Way back in 1976, it was already old hat to tout that this
or that new comic as the "most important" or "amazing"
or "greatest" thing in the history of the medium,
but even the most jaded of readers must have dropped their
jaws at this one; the two most famous characters of the
two biggest rivals in the business, ready to duke it out
on the cover of a single, giant-size book. It doesn't get
much bigger than that.
"They said it couldn't be done!" crows Stan
Lee on the inside cover to Superman vs. The
Amazing Spider-Man. Whether it could or not, I was
pretty sure it wouldn't. Everyone knew
DC and Marvel were oil and water, chalk and cheese, night
and day. No way could they mix. Surely a crossover between
those two oppositely-charged universes would be like mingling
matter and anti-matter; end of the world stuff, dogs and
cats living together, mass hysteria.
And yet, there they were, right there on that wonderful
cover; Supes and Spidey sharing the limelight, DC and Marvel
sharing a box in the corner. For me, the cover remains the
coolest part of the whole project: iconic in its very simplicity,
vibrantly colorful, fairly crackling with potential energy
and yet in its own way understated, with no blurbs, no word
balloons and just those two hyperbolic lines above the title:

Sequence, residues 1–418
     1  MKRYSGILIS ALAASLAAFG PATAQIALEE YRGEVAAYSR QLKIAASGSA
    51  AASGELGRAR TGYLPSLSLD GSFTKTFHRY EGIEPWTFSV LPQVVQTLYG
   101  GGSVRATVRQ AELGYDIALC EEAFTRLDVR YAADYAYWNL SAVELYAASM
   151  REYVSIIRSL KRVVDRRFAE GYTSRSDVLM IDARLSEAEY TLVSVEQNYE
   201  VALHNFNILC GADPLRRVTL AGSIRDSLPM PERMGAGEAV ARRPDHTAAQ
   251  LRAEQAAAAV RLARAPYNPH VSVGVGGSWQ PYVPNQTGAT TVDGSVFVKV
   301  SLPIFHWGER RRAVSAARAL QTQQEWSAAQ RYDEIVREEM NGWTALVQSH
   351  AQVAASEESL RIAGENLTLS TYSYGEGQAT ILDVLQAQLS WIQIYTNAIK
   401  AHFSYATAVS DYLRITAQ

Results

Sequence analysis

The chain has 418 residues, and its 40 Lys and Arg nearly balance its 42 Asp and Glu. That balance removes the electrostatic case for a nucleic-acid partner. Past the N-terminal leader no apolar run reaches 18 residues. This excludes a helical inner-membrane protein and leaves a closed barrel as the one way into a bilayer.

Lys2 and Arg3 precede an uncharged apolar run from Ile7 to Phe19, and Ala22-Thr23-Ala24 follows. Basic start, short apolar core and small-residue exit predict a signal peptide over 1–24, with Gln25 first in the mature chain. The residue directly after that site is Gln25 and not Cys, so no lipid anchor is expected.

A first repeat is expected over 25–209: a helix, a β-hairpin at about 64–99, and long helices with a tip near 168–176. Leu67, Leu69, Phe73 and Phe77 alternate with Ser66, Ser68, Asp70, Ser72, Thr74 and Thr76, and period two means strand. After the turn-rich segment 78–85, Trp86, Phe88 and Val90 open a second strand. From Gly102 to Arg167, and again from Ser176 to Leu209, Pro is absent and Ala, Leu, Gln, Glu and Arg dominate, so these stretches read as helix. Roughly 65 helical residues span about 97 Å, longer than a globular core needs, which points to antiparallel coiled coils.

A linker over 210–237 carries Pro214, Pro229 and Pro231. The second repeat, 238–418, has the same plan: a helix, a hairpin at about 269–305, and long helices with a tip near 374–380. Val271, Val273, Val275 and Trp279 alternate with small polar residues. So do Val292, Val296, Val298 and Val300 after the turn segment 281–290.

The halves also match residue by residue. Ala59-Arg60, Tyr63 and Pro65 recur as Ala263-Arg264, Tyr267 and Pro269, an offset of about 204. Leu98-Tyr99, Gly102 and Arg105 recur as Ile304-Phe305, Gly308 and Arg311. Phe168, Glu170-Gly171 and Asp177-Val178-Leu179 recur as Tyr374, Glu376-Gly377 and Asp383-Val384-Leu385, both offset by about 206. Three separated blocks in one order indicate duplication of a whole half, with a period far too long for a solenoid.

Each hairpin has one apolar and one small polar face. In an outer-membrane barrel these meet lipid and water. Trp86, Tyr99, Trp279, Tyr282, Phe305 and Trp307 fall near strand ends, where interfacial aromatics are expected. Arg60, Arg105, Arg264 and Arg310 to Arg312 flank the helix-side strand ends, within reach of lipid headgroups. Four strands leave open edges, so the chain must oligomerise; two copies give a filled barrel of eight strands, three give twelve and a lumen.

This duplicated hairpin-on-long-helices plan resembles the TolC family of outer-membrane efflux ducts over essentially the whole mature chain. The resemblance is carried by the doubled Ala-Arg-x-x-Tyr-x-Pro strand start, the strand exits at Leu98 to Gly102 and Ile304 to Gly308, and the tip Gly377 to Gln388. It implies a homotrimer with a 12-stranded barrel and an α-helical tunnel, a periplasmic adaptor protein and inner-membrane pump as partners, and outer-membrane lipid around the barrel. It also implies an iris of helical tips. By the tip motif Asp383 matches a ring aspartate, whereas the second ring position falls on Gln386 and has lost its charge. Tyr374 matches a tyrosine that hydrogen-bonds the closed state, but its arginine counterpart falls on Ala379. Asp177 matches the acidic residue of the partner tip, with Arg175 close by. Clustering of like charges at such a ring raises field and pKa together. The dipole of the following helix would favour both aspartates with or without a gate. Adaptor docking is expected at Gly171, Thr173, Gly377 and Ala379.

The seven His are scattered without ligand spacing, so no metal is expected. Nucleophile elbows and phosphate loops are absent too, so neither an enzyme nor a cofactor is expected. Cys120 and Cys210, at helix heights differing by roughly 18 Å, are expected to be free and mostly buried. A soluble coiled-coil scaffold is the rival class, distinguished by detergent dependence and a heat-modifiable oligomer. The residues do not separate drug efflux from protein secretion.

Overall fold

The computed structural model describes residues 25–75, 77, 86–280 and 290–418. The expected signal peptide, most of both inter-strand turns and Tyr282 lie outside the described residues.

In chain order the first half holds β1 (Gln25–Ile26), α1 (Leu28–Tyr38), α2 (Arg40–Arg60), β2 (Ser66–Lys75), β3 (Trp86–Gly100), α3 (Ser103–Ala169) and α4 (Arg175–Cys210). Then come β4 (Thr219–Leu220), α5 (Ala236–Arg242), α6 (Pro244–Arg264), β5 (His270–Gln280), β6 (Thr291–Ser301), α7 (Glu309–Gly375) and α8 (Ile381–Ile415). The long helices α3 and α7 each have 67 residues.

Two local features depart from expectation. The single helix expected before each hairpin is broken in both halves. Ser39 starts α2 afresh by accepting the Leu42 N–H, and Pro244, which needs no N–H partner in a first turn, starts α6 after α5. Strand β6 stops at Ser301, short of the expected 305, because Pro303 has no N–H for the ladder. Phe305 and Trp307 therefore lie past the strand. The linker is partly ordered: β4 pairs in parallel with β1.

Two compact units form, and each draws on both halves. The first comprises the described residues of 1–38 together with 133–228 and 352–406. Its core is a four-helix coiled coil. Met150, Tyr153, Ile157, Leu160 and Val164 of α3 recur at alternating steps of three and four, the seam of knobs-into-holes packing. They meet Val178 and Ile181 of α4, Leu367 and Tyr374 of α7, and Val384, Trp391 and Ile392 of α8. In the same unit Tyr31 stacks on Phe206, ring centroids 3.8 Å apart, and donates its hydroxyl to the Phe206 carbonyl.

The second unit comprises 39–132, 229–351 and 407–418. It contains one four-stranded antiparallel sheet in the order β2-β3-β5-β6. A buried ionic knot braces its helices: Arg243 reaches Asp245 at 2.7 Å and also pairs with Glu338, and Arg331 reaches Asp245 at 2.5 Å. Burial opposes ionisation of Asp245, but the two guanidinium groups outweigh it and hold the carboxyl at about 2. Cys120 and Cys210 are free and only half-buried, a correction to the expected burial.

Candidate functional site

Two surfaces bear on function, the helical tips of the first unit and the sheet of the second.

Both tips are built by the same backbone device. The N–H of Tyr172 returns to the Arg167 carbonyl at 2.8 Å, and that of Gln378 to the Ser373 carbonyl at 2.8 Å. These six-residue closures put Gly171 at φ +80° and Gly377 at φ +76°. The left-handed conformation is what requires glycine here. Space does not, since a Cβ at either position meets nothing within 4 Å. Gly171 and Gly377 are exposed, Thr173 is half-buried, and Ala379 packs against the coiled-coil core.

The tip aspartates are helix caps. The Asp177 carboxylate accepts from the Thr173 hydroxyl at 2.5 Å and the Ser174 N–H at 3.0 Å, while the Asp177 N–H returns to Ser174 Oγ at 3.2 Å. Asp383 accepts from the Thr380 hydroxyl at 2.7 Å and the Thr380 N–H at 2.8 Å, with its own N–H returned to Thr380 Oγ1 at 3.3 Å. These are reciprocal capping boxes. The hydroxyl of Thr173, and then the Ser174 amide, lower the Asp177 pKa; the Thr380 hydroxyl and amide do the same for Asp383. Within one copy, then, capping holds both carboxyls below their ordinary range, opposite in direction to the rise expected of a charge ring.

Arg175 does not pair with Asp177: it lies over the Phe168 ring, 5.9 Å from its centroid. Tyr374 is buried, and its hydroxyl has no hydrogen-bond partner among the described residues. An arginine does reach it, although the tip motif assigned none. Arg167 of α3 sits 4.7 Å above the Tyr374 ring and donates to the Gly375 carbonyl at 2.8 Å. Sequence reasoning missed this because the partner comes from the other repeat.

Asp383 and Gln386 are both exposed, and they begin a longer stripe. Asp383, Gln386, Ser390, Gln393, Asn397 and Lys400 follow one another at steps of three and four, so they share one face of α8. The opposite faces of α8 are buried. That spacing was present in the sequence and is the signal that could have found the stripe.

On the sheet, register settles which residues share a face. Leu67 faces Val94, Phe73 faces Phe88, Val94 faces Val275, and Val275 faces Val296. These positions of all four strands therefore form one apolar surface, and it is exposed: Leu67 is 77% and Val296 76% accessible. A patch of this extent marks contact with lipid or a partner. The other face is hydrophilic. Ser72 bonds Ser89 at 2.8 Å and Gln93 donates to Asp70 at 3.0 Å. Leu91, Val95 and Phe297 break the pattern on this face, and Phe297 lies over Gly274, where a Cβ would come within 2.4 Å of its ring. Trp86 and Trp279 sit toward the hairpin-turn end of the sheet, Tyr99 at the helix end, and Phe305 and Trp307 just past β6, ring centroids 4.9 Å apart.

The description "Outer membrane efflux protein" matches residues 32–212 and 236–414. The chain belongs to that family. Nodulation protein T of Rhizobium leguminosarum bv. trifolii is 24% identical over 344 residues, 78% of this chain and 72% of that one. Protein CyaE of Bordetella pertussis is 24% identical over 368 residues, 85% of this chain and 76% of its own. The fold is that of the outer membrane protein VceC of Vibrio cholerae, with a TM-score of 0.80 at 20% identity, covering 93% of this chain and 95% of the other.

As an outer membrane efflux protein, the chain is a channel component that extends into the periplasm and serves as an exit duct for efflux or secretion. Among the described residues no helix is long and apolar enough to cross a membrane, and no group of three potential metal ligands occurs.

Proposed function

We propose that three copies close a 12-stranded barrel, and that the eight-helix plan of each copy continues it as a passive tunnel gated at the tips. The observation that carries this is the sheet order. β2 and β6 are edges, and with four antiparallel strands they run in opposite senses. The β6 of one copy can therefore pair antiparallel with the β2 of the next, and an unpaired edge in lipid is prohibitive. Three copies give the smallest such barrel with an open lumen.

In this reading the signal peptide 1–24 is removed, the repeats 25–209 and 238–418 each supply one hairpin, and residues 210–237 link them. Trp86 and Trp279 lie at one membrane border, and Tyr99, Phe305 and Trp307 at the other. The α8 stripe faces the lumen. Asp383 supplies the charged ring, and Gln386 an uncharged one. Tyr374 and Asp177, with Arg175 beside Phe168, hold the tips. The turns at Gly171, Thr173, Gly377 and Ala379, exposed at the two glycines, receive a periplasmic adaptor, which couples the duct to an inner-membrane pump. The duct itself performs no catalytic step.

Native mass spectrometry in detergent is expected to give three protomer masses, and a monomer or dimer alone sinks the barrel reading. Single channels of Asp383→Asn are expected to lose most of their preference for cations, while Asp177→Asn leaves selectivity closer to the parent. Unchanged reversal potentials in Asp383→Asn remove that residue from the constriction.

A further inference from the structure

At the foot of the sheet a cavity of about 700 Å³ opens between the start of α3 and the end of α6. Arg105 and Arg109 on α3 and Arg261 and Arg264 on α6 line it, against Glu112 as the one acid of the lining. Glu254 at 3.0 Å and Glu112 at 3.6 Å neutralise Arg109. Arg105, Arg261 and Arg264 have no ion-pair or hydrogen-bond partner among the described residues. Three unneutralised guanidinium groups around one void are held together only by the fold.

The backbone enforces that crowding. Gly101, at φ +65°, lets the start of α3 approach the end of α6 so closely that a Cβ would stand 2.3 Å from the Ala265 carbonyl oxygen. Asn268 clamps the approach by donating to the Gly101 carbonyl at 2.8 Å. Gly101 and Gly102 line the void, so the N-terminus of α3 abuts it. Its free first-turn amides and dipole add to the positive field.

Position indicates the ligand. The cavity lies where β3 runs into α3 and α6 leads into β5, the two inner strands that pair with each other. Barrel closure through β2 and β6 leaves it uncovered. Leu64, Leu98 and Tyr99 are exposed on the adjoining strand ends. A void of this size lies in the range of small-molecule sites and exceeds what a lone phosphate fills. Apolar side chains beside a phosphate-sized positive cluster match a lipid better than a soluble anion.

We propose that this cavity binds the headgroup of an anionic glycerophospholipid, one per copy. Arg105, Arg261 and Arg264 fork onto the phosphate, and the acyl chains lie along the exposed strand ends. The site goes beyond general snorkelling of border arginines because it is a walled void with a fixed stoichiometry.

"The Greatest Superhero Team-Up Of All Time!
The Battle of the Century!"
Our story opens in Metropolis, where Superman smashes a
giant robot and delivers Lex Luthor to
jail, but not before the evil genius stashes away a computer
chip stolen from STAR Labs. Cut to New York City, where
Spider-Man defeats Doctor Octopus, soaring
over the city in a flying octopus ship hidden inside the
Goodyear blimp (yes, we had product placements in 1976,
In prison, Otto and Lex recognize each other by reputation,
and when Luthor breaks out using an old Doc Savage trick
(escape tools hidden under a false layer of skin), he takes
Doc Ock with him.
Meanwhile, Clark Kent, Lois Lane and Morgan
Edge attend an international conference for journalists
and cross paths with Peter Parker, Mary Jane Watson
and J.Jonah Jameson. As Lois and M.J. exchange
catty digs over "cute" Pete, "Superman"
suddenly swoops in and zaps both women with his heat vision,
apparently disintegrating them. Then he flies off again.
Peter makes off to change into his Spider-Man togs, but
not before giving us a fun sight gag that will be brazenly
stolen two years later for Superman: The Movie.
Dashing to the roof, Spidey spots Superman, and the fun
begins. Superman assumes that "given his reputation"
Spider-Man must somehow be connected to the impostor who
attacked the girls. Spider-Man meanwhile knows what he's
seen -- or thinks he does -- and so lights into Superman.
We learn the fake Superman was actually Luthor, who along
with Doc Ock is gleefully anticipating the imminent battle
between the two heroes. Luthor aims an energy ray at Spider-Man
and temporarily boosts his power levels to the point where
he can give Superman a run for his money. Giant-size mayhem
The fight runs on for several pages, which is fine as this
is the part most fans paid to see. Everyone gets their money's
worth as a whole page is devoted to a giant panel of Spider-Man
knocking Superman for a loop, then a few pages later Superman
gets equal time, clobbering Spidey (although he doesn't